of the motherboard's 8 bit CPU power socket, all right, but
they're not the center 4 pins, they're on the edge. That means
the retaining clip misses, so you're left with just friction holding it in. Bleah.
- the power supply comes with a somewhat mysterious mounting bracket that
doesn't seem to be needed
- the CPU comes with a special heatsink/fan that attaches
to the motherboard with four quick-connect plastic fasteners
that took me half an hour to figure out. Still, it's an improvement
over the old days, when one needed a screwdriver to get the heat sink on.
I installed a dual-boot Windows XP Home + Ubuntu Hardy Linux combination.
I seem to recall that Windows XP Home refuses to install if you have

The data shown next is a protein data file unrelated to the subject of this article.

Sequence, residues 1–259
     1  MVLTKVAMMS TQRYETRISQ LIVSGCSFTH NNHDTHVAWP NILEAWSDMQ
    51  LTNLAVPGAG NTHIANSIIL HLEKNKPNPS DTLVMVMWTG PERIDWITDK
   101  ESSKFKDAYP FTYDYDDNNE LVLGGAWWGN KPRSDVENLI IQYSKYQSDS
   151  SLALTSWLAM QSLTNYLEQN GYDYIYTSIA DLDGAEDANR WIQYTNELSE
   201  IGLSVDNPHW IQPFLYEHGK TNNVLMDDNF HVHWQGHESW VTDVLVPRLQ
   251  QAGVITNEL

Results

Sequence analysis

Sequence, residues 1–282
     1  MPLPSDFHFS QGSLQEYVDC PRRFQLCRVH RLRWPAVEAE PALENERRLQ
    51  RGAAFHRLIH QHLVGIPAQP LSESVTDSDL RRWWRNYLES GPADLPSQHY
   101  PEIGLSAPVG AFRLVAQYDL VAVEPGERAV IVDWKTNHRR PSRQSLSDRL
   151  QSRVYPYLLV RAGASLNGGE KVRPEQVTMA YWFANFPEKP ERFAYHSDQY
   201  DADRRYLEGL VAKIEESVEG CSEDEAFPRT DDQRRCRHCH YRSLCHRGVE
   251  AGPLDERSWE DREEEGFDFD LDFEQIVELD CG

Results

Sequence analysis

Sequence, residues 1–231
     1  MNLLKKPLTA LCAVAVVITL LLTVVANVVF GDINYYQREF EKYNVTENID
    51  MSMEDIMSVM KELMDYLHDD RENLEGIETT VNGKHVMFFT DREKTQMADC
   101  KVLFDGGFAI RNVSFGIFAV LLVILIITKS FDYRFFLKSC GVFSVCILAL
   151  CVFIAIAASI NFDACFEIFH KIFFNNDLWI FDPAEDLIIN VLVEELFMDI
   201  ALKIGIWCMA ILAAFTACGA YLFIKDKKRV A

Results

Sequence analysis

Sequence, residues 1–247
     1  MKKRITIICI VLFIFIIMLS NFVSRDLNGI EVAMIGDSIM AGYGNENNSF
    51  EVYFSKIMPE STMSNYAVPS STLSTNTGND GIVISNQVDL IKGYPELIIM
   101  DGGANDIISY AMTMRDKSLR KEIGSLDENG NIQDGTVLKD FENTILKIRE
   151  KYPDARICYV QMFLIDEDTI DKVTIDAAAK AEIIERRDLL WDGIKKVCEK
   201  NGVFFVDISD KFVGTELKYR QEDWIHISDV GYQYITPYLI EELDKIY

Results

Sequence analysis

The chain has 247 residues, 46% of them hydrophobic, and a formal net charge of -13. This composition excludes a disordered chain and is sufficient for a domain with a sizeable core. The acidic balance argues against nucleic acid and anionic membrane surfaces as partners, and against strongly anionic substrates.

another OS installed, so I did that one first.
The Windows XP SP2 install disc was an Upgrade version,
so I had to insert a Win98 (or '95 or NT) cdrom at some point to satisfy the upgrade check.
The install went smoothly but for one hitch. Graphics worked well enough
to drive the big screen right from the start; I guess the motherboard's SVGA emulation
is pretty good. The network didn't work until I installed the motherboard drivers.
The one hitch was that the graphics drivers that came with the motherboard were crap,
and caused the screen to go black. I had to go into safe mode, uninstall them, and
download a fresh set from nvidia.com; then all was well. The nvidia drivers
said they came with a free Steam copy of Portal, so I installed Steam... the
only free game that seemed to download properly was some Popcap title, and
its graphics were all messed up. I'm not a gamer, so I didn't investigate this further,
but no gamer would use the motherboard graphics anyway, even if they're from Nvidia.